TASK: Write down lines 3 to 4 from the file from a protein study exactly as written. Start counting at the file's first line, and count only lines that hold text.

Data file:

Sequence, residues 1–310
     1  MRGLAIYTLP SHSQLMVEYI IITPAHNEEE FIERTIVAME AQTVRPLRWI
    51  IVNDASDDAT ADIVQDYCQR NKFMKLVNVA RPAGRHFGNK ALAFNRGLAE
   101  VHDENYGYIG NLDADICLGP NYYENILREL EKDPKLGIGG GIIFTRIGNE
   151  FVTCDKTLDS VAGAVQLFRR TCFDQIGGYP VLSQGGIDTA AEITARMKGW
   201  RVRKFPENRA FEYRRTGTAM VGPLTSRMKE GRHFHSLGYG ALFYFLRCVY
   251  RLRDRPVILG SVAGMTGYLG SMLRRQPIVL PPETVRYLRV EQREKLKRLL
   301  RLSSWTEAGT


    51  IVNDASDDAT ADIVQDYCQR NKFMKLVNVA RPAGRHFGNK ALAFNRGLAE
   101  VHDENYGYIG NLDADICLGP NYYENILREL EKDPKLGIGG GIIFTRIGNE